In the latter part of 1945, Harry S Truman was president, the average price of a new home was $4,600 and 17-year-old Lyndhurst High School senior John Garofalo had just enlisted in the US Navy to serve in World War II.
When Garofalo, one of 11 children, returned from his war-time service, he started working at the A&P on the corner of Kingsland and Stuyvesant avenues in Lyndhurst. he married Jean, and life got busy. Six children, 15 grandchildren, 27 great-grandchildren and 2 great-great-grandchildren followed.
He finished his career with 27 years working for Wonder Bread.
A recent conversation with his children revealed a family secret though.
Because he enlisted two months before graduation, John, now 95, had never officially received his high school diploma. Unfortunately, phone calls to the schools administration proved fruitless as the family was told records dating back that far could not be found.
Fast forward to current Superintendent Joseph DeCorso getting wind of this dilemma.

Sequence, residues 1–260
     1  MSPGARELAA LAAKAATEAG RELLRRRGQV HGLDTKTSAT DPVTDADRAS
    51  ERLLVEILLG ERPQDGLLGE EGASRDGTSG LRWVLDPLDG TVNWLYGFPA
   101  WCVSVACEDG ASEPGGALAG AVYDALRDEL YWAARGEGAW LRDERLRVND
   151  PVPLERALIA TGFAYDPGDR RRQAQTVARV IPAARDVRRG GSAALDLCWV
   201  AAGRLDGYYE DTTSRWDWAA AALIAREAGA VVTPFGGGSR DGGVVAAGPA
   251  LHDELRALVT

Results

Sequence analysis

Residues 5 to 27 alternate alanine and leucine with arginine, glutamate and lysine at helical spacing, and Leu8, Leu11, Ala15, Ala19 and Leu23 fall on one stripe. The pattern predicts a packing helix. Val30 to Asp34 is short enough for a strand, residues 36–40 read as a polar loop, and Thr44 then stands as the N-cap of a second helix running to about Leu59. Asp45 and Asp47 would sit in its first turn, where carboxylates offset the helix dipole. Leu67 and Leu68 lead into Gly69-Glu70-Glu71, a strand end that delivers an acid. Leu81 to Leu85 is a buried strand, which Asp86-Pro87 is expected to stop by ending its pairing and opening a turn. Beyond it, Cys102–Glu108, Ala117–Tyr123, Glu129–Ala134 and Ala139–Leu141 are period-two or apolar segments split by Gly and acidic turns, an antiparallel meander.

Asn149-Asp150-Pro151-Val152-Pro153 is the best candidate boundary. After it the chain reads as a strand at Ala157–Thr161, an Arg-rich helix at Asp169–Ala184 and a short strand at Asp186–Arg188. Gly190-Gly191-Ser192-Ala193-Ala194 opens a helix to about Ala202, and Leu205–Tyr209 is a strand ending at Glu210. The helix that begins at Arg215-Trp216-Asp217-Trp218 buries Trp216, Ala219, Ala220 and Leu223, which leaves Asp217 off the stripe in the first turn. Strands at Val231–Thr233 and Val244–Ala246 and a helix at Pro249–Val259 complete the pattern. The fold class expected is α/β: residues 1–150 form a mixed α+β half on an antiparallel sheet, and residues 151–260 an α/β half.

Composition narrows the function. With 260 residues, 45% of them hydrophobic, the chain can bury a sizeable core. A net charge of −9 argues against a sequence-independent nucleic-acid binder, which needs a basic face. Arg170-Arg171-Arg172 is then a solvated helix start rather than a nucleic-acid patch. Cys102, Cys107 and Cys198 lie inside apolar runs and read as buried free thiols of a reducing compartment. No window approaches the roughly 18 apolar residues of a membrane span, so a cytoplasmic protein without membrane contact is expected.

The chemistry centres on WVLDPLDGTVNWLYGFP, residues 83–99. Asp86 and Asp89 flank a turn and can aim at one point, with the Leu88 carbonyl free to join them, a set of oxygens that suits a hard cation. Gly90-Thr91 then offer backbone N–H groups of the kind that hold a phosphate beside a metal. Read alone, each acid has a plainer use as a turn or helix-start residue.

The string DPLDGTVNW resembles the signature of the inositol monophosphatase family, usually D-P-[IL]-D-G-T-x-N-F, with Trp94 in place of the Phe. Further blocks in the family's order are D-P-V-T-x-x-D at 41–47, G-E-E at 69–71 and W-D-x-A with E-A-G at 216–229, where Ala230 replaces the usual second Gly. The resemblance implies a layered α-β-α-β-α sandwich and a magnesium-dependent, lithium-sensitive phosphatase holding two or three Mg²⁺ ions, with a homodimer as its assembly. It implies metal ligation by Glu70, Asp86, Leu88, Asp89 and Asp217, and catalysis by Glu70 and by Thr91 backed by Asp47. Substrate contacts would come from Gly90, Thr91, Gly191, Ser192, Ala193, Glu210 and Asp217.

He immediately enlisted the help of current LHS Principal Laura Vuono.
“Ms. Vuono’s been in the high school building for quite some time. She knew exactly where to look and found his old record card that actually said ‘left for the Navy,’” DeCorso said.
A proud serendipitous footnote also unearthed a musical program from — you guessed it, 1945 — and it listed “John Garofalo” as a clarinet player in the Lyndhurst High School Swing Band.
With clear proof of attendance at LHS in hand, the decision was made to finally grant John his long overdue high school diploma.
“I grew up down the hook on Sanford Avenue. Everybody knew everyone. My father grew vegetables and my siblings and I would go around town selling them out of a wagon. People would even come from New York to buy my dad’s figs. It was a simpler time. After I returned from the Navy, I got busy raising my family, Garofalo said. “All six of my children attended Lyndhurst High School and received their diplomas, but I never got mine.”
This all changed when Garofalo recently joined the Lyndhurst High School Class of 2022 at their graduation ceremony, and was finally bestowed his elusive diploma — a whopping 77 years later.
“I can honestly say that seeing the smile on Mr. Garofalo’s face as I presented his diploma — after all these years — was the highlight of my career,” DeCorso said.
So what advice can a member of the Lyndhurst High School Class of 1945 impart to members of the Class of 2022? Garofalo, who still actively ballroom dances once a week, said: “Don’t stand still. Work hard for what you want and follow what it is you like to do.”
Timeless advice, indeed.